Already eager for Santa Barbara International Film Festival‘s opening day? Well, there are 15 more reasons to get excited. SBIFF, which begins its two-week cinematic explosion this Thursday, January 24, adds 15 films to the already unbelievable lineup. New additions include three Academy Award nominees, two world premieres and two U.S. Premieres, really stacking the program with back-to-back masterpieces.
South African documentary poster “Angels in Exile”masterpieces.
Michael Albright, SBIFF’s Director of Programming, expresses how the additional films positively impact the festival as a whole. “We’ve added some fantastic new films that broaden the scope of the program and embody the international spirit of the festival.”
Want some details? The added world premieres include films from South Africa and Canada. Angels in Exile, a world premiere film from South Africa, is directed by Billy Raftery and narrated by well-known South African actress Charlize Theron. The film depicts an eight-year journey that strips down the identity of homeless youth and depicts them as the children they are, challenging viewers to reassess their idea of young people living without homes.
Retreat, the world premiere coasting down from Canada, is a documentary directed by David Cherniack. Retreat chronicles the tumultuous journey of 35 Westerners experiencing Alan Wallace’s intense eight-week meditation retreat in Thailand. An unlikely setting for such a group of characters, this documentary shines in its unique set-up.
There are also a handful of films that have never been seen in the states, films from France and India, that constitute the U.S. premieres. Maddened By His Absence (J’enrage de son Absence) is directed by Sandrine Bonnaire and illustrates Jacques’s (William Hurt) struggle to cope with the death of his son while coming to terms with the past. A U.S. premiere hailing from India is Shyamal Uncle Turns Off The Lights, directed by Suman Ghosh. In this film, 80-year-old Kolkata battles indifference and complacency in his fervent quest to turn off the streetlights after sunrise.
Lastly, SBIFF gladly adds three Oscar-nominated films. A Royal Affair (En kongelig affære) is an Academy Award nominee from Denmark/Sweden/Czech Republic/Germany and directed by Nikolaj Arcel. This historical drama follows the outrageous love triangle between a queen, her German doctor and the mad King of Denmark.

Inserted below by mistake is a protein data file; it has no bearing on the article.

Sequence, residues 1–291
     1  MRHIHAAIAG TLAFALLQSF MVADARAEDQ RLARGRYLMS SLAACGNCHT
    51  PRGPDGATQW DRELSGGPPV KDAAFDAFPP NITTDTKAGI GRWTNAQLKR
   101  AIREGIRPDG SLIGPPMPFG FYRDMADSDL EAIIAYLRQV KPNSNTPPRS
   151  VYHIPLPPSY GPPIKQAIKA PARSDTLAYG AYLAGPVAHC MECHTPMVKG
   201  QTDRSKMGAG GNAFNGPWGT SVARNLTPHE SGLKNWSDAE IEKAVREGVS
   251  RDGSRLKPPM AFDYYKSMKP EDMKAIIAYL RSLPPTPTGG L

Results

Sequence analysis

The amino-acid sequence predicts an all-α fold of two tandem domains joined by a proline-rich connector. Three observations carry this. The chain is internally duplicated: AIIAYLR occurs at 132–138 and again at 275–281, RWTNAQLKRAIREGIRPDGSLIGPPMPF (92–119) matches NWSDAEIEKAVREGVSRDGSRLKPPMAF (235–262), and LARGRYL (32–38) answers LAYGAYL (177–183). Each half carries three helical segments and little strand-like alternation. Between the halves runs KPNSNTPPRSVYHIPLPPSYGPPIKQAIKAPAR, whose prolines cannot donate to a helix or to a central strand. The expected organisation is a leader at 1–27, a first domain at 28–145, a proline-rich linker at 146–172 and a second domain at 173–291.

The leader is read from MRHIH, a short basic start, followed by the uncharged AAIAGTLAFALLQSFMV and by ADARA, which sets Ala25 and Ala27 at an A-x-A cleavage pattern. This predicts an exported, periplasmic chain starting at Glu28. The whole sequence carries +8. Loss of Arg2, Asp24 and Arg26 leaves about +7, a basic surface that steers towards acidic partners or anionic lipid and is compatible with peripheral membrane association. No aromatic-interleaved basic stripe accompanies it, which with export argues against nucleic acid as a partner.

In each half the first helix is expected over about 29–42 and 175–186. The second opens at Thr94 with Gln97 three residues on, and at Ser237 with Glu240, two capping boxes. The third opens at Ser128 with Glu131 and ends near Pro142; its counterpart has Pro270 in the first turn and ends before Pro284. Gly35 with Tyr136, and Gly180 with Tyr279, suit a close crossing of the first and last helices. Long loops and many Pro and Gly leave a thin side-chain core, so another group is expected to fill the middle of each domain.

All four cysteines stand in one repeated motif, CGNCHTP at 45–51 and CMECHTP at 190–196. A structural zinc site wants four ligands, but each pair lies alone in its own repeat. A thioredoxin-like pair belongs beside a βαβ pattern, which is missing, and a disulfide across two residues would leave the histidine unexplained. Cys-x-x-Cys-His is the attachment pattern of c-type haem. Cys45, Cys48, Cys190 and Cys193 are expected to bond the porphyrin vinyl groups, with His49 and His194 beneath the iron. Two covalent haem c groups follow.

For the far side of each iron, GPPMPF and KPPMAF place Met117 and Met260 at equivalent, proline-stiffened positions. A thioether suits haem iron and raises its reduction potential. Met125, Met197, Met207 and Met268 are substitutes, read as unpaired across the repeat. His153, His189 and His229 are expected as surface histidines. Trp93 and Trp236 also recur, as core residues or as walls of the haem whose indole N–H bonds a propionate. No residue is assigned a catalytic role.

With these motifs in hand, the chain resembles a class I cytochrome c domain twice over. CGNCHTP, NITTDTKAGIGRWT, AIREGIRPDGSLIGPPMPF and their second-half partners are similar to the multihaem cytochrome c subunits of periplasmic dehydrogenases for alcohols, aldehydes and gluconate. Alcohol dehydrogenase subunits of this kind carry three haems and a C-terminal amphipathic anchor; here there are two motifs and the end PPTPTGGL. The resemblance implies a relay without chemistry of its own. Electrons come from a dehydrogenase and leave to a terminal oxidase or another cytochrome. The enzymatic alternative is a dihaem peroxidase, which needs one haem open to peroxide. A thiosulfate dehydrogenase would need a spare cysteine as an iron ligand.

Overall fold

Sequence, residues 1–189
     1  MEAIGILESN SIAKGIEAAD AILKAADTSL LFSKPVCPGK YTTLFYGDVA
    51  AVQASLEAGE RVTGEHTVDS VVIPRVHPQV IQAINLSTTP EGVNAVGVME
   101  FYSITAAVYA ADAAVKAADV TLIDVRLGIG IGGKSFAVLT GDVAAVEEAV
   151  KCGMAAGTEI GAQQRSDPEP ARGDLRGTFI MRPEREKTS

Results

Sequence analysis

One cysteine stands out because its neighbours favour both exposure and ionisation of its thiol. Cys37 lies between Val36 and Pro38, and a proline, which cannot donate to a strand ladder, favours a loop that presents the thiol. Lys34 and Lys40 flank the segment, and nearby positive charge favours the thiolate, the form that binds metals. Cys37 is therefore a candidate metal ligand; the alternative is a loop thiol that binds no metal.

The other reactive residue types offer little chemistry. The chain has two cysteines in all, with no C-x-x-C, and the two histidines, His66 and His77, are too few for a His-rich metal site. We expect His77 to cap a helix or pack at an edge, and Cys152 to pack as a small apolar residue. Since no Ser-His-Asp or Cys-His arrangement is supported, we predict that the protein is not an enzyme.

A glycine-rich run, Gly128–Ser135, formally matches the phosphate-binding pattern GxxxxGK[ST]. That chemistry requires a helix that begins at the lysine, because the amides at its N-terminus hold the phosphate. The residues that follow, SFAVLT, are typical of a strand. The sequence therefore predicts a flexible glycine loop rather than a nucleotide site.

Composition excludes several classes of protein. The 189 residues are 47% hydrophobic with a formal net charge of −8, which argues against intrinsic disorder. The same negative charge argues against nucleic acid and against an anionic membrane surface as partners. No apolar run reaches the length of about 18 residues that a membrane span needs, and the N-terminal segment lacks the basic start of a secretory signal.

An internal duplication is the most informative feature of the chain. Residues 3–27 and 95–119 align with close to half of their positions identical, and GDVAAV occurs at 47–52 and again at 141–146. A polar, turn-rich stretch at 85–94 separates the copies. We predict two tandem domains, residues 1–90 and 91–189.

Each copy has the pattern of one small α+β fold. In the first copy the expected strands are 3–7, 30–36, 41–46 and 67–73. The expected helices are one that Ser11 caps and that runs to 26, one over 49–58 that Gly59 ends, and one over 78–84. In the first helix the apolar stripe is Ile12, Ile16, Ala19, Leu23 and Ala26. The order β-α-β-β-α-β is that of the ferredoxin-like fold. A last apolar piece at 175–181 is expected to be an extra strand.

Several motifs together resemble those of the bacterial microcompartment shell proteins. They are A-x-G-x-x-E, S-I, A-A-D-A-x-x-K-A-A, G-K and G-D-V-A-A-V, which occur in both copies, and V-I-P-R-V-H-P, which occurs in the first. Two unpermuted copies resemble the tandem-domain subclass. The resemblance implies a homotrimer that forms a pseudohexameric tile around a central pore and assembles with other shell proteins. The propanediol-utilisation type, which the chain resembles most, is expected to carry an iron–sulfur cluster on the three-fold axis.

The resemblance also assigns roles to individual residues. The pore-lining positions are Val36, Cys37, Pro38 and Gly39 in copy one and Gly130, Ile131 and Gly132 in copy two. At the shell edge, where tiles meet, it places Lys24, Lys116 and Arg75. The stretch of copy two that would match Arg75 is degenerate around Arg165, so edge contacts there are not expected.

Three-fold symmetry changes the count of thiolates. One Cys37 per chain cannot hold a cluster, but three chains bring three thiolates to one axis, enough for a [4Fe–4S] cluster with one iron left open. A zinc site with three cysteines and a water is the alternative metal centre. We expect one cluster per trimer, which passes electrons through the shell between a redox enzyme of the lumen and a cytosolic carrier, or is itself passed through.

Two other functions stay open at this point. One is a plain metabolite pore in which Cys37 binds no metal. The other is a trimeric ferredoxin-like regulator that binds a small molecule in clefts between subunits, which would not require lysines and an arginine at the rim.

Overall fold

How To Survive A Plague, an American documentary, is nominated for Best Documentary. Directed by David France, this documentary focuses on AIDS activist coalitions ACT UP and TAG, showcasing their radical yet crucial initiatives that paved a new path in the fight against HIV in the 1980s and 1990s.
Canadian film War Witch is nominated for an Academy Award as well. Set in Sub-Saharan Africa, the film profiles a 14-year-old girl telling her unborn child the story of her life at war, beginning with her abduction by the rebel army. The film is directed by Kim Nguyen and sure to captivate the entire theatre.
Additional program adds include West Coast premiere from China Beijing Flickers, Romanian/French film Beyond The Hills, Mumbai’s King from India, Italian film Steel, West Coast premiere of Sound City, Canada’s Still Mine, Kazakhstan’s film Student and The Punk Syndrome from Finland/Norway/Sweden.
Beijing Flickers, directed by Yuan Zhang, depicts the story of a soul-broken man who finds comfort in a circle of equally ill-fated comrades. Beyond The Hills, directed by Cristian Mungiu, tells the story of a young Romanian woman bent on finding her childhood friend and releasing her from a remote Romanian monastery. Mumbai’s King, directed by Manjeet Singh, is set in a Mumbai slum and portrays a young boy dealing with his suffering mother and violent father. Italian film Steel, directed by Stefano Mordini, features Anna and Francesca, two teenage girls spending their last summer before high school.
Rock out at the movies! Dave Grohl, Foo Fighters front man and Nirvana‘s drummer, directs his own film, Sound City, in an effort to reestablish the connection between the human condition and the creation of music. Still Mine, directed by Michael McGowan, is a tale of an elderly couple that meets conflict when trying to build their final home in rural New Brunswick. Directed by Darezhan Omirbayev, Student follows a philosophy student who commits a violent crime in Kazakhstan’s ruthless underworld, a contemporary adaptation of Dostoevsky’s Crime and Punishment.
The Punk Syndrome, directed by Jukka Kärkkäinen and J-P Passi, is all about genre outcast Punk. The mentally challenged members of Pertti Kurikka’s Name Day turn Punk on its head, finding acceptance through the creation of music.
Whew! The festival kicks off on Thursday night! For information about purchasing tickets, as well as a complete schedule of films, click here.
-Grace Piro Delia